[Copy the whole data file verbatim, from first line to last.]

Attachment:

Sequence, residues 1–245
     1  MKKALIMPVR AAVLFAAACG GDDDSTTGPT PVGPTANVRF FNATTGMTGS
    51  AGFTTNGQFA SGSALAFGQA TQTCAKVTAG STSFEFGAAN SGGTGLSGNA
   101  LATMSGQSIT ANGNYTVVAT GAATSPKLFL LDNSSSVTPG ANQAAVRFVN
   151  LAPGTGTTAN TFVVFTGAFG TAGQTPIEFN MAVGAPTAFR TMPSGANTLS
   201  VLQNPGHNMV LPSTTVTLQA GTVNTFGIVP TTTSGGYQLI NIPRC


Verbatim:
Sequence, residues 1–245
     1  MKKALIMPVR AAVLFAAACG GDDDSTTGPT PVGPTANVRF FNATTGMTGS
    51  AGFTTNGQFA SGSALAFGQA TQTCAKVTAG STSFEFGAAN SGGTGLSGNA
   101  LATMSGQSIT ANGNYTVVAT GAATSPKLFL LDNSSSVTPG ANQAAVRFVN
   151  LAPGTGTTAN TFVVFTGAFG TAGQTPIEFN MAVGAPTAFR TMPSGANTLS
   201  VLQNPGHNMV LPSTTVTLQA GTVNTFGIVP TTTSGGYQLI NIPRC